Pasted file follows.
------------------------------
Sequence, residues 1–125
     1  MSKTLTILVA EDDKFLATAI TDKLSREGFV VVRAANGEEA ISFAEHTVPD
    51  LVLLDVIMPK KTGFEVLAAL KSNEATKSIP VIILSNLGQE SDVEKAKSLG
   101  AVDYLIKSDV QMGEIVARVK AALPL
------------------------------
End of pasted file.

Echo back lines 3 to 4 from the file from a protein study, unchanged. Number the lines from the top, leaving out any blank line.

    51  LVLLDVIMPK KTGFEVLAAL KSNEATKSIP VIILSNLGQE SDVEKAKSLG
   101  AVDYLIKSDV QMGEIVARVK AALPL